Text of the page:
Greenwald, Anthony G., T. Andrew Poehlman, Eric Luis Uhlmann, and Mahzarin R. Banaji. 2009. Understanding and using the Implicit Association Test: III. Meta-Analysis of predictive validity. Journal of Personality and Social Psychology 97, no. 1: 17–41. doi:10.1037/a0015575.
This review of 122 research reports (184 independent samples, 14,900 subjects) found average r = .274 for prediction of behavioral, judgment, and physiological measures by Implicit Association Test (IAT)measures. Parallel explicit (i.e., self-report) measures, available in 156 of these samples (13,068 subjects), also predicted effectively (average r = .361), but with much greater variability of effect size. Predictive validity of self-report was impaired for socially sensitive topics, for which impression management may distort self-report responses. For 32 samples with criterion measures involving Black–White interracial behavior, predictive validity of IAT measures significantly exceeded that of self-report measures. Both IAT and self-report measures displayed incremental validity, with each measure predicting criterion variance beyond that predicted by the other. The more highly IAT and self-report measures were intercorrelated, the greater was the predictive validity of each.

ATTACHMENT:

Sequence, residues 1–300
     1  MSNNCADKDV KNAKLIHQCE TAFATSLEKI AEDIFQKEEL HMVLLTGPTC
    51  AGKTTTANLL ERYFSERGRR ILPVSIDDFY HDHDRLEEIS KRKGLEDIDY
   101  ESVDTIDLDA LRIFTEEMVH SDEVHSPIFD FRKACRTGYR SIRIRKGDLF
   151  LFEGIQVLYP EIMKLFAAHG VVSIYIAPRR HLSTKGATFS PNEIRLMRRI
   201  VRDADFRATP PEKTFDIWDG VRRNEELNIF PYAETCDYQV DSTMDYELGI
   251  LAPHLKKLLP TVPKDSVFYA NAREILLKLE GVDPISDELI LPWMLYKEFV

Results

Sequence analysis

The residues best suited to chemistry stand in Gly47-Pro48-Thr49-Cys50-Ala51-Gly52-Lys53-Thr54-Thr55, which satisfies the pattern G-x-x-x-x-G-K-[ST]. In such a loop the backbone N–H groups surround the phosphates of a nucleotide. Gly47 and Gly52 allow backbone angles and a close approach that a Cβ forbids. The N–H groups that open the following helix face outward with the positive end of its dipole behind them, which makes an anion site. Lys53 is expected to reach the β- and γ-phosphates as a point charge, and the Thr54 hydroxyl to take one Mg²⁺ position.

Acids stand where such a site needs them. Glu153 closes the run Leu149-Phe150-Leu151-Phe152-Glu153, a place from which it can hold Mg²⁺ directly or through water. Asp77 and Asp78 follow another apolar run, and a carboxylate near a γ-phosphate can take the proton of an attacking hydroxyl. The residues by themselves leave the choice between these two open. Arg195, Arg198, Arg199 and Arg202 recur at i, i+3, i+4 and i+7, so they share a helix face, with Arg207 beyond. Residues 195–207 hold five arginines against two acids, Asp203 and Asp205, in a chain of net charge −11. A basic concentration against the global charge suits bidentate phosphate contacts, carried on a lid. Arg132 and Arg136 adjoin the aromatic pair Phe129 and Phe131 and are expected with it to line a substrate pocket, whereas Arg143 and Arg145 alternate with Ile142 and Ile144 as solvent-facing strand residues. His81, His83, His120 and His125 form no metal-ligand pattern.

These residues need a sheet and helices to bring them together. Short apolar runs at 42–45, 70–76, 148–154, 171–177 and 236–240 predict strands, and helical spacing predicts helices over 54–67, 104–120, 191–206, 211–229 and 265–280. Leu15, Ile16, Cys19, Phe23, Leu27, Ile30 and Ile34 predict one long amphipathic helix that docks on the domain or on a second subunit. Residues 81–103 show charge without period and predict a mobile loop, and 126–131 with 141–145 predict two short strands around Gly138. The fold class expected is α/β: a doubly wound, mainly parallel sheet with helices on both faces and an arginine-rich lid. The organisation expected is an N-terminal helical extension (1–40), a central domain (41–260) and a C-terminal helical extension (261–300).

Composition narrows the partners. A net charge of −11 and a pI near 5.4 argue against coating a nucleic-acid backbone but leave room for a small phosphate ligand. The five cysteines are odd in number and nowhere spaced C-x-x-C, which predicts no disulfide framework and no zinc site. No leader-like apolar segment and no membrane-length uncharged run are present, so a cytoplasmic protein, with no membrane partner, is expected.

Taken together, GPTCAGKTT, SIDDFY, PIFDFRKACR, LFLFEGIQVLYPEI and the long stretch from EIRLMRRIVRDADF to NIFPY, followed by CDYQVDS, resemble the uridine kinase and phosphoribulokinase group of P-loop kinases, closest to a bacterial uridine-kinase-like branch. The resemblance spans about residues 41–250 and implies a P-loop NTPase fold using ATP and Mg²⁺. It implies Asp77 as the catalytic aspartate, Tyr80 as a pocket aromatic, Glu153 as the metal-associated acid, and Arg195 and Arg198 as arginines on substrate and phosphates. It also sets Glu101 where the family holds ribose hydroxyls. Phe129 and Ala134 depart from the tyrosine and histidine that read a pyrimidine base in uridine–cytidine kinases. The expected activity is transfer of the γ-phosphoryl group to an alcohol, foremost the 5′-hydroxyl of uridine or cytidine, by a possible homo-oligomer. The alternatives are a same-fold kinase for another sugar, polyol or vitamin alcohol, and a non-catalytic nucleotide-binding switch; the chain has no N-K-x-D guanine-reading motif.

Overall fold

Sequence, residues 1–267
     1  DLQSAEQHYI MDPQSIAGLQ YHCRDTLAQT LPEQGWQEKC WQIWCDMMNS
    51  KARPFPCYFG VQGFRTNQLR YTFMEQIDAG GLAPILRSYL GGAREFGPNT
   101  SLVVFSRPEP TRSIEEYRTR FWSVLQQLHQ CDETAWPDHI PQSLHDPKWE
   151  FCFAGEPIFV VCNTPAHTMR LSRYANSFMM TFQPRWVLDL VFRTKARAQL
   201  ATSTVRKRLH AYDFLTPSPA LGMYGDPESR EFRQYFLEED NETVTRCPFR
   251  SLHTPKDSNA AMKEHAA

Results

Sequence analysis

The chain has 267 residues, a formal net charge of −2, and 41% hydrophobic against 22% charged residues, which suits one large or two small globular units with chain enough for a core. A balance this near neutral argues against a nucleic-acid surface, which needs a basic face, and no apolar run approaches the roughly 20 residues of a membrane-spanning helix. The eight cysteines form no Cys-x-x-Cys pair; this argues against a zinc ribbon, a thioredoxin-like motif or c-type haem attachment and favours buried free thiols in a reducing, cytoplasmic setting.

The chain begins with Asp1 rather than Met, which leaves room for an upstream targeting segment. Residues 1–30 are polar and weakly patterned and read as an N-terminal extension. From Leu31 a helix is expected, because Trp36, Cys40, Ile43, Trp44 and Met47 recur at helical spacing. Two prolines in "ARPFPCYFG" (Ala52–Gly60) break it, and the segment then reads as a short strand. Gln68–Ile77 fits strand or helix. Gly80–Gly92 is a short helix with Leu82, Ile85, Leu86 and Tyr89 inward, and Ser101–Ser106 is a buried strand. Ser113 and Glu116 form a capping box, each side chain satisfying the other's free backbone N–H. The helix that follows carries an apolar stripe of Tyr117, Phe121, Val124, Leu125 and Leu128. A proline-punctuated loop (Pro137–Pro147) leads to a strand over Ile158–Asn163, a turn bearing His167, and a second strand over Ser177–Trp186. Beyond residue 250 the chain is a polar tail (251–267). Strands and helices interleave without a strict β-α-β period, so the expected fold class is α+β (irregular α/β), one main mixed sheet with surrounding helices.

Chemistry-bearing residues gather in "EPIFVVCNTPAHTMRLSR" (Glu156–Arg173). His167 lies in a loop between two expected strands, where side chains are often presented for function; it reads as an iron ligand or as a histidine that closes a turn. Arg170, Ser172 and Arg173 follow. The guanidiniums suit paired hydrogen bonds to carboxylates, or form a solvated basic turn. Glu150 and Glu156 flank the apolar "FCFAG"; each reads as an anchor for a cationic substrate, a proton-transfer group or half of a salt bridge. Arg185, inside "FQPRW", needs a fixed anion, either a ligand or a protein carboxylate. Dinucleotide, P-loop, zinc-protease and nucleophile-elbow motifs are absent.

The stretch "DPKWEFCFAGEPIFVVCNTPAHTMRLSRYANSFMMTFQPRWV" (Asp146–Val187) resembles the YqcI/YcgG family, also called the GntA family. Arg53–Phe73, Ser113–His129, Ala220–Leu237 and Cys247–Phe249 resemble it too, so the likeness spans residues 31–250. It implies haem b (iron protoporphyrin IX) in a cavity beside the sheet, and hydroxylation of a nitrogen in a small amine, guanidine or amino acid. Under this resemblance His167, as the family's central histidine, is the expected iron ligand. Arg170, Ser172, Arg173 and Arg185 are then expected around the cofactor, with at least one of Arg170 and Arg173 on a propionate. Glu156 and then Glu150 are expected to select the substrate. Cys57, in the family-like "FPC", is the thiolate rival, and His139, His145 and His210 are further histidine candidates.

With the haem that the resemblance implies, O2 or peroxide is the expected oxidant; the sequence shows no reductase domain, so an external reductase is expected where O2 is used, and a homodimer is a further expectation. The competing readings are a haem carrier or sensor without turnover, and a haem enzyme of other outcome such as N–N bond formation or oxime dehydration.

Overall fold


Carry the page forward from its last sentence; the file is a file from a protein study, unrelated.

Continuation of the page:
draft version available at http://www.tolerance.org/sites/tolerance.org.tdsi/files/assets/general/Greenwaldetal.pdf but ok to publish if Banaji didn't submit?
Banaji emailed 2016-05-18 AD
Banaji emailed 2017-02-26 MM